By Bryan Hay

Erin Cottle Hunt smiles, ivy on a stone building behind her

Erin Cottle Hunt

Social Security benefits play a large role in providing monthly income as people plan for their retirement, but a newly published study co-authored by Erin Cottle Hunt, assistant professor of economics, reveals that the program’s spousal benefits are not very useful.

“In this paper, we’re looking at Social Security benefits that are specific to couples,” Cottle Hunt says. “Looking from a theoretical economic perspective, are these benefits good for society? Or, at least, are they good for these single-earner couples?”

Social Security mainly provides retirement benefits to people who have worked, but the program also has spousal benefits that are often overlooked by economists. When the program was created in the 1930s, many families had a working father and a mother who stayed at home with their children, and so some of the benefits are designed for single-earner couples. 

Social Security provides three types of benefits to retirees: retirement benefits as a life annuity, spousal benefits until the death of the primary earner, and survivor benefits after the death of the primary earner.

“The spouse who’s not working can receive a retirement benefit based on the earnings of the partner, and then there’s also a survivor benefit if her partner dies,” says Cottle Hunt, who worked with Frank Caliendo, senior associate dean and professor of economics and finance at Utah State University, on “Social Security and Longevity Risk: An Analysis of Couples,” which was recently published in the Journal of Public Economic Theory.

The study looks at individuals and couples trying to hedge their joint longevity risk.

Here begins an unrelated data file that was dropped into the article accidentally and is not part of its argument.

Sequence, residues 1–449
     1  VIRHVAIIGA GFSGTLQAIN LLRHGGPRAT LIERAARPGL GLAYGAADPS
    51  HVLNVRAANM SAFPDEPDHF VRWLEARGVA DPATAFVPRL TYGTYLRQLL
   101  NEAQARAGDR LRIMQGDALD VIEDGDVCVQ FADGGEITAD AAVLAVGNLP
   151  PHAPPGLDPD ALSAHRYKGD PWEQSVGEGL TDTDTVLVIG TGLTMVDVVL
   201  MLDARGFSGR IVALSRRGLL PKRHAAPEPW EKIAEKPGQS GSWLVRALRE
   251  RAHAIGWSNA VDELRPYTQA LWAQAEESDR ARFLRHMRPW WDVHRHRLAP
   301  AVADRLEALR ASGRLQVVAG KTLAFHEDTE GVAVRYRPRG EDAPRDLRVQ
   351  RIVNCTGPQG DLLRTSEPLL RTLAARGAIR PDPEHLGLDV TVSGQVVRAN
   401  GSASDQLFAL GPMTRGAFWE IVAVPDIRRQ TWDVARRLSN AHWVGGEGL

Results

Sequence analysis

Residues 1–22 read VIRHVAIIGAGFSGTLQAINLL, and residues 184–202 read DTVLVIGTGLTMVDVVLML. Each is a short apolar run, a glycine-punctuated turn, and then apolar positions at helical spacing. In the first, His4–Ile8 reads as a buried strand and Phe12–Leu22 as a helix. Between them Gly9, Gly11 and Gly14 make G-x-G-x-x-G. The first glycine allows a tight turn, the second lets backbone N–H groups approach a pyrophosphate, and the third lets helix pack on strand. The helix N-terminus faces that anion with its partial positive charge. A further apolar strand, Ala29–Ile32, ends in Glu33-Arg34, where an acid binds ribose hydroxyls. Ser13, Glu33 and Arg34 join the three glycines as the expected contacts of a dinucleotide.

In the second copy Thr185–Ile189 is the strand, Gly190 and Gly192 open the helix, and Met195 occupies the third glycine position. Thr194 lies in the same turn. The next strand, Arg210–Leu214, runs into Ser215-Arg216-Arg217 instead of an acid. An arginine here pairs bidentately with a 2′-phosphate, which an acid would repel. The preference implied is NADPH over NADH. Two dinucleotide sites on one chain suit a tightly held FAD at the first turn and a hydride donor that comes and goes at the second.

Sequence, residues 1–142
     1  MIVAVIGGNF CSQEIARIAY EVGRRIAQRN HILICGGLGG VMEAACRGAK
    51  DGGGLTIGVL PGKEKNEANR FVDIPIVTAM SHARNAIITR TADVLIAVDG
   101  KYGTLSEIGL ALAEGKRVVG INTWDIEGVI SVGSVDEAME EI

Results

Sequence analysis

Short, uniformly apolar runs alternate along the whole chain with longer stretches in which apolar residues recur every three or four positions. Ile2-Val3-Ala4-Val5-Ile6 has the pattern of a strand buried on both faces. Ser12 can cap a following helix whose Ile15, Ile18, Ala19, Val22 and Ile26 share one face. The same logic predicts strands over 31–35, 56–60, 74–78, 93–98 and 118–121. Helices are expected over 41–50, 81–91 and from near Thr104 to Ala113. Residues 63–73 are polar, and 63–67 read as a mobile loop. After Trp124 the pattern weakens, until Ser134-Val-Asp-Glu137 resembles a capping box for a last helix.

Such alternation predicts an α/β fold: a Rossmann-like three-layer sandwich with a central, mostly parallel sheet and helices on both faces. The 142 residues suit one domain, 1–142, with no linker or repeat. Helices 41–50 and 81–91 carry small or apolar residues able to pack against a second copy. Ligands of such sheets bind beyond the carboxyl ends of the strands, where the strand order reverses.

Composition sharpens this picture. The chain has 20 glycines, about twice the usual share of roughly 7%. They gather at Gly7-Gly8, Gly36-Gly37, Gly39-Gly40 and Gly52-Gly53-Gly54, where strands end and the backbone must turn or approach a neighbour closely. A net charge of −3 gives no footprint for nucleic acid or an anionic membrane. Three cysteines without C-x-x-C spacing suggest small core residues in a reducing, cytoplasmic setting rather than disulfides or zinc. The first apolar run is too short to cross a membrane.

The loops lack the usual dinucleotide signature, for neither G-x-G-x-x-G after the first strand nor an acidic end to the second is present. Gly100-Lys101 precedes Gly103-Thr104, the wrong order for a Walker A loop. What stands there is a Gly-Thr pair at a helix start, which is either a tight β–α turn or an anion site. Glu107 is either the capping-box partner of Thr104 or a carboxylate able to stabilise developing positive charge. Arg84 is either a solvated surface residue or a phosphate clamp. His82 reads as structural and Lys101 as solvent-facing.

“Saving for retirement is challenging, because you don’t know when you or your spouse will die,” Cottle Hunt says. “How quickly do you spend down your savings? We solve that math problem for the joint longevity problem, which is tricky.” 

From a policy perspective, the spousal benefits from Social Security are not useful, the study concludes. 

“We do not find much of a welfare role for spousal benefits. On the other hand, survivor benefits are incredibly important: removing survivor benefits while leaving retirement benefits and spousal benefits in place would make the couple worse off than in a Laissez Faire economy where they had to self-insure their joint survival risks,” the paper says.

“Likewise, the Social Security program could be reconfigured in a way that improves welfare without an increase in taxes or a reduction in retirement benefits: reduce spousal benefits and use the cost savings to increase survivor benefits. In this way, the program would help couples to better hedge their longevity risk.”

The study finds that the spousal benefit is not very useful to single-earner couples, an important result because it is an expensive feature to finance. In contrast, eliminating the survivor benefit makes single-earner couples much worse off. 

“In fact, the couple would be better off fending for themselves” without Social Security than participating in a program with only retirement and spousal benefits and no survivor benefits, the study says. 

If the goal is to help single-earner couples insure their joint longevity risk, then the current Social Security system could improve the well-being of single-earner couples even more if it were revised to pay larger survivor benefits and smaller spousal benefits, holding taxes and retirement benefits fixed, the study notes.

“To the extent that policy makers wish to better protect widows who did not work, increasing the survivor benefit by shrinking the spousal benefit is a budget neutral way to achieve that goal,” it says. “Finally, while dual-earner couples do benefit from the annuitization feature of Social Security, their welfare gains are significantly smaller than those accruing to single‐earner couples.”

“The survivor benefits are very useful,” Cottle Hunt says. “Social Security pays a widow who hasn’t worked, if her spouse dies, which is very valuable to a couple, on the order of 25% of their consumption for the second partner. There’s just a huge risk that when the working partner dies, the household doesn’t have any income at all. Social Security could insure you against that risk, if it pays you a benefit when your spouse dies.”

 

Categorized in: Economics, Faculty and Staff, Faculty Research, Featured News

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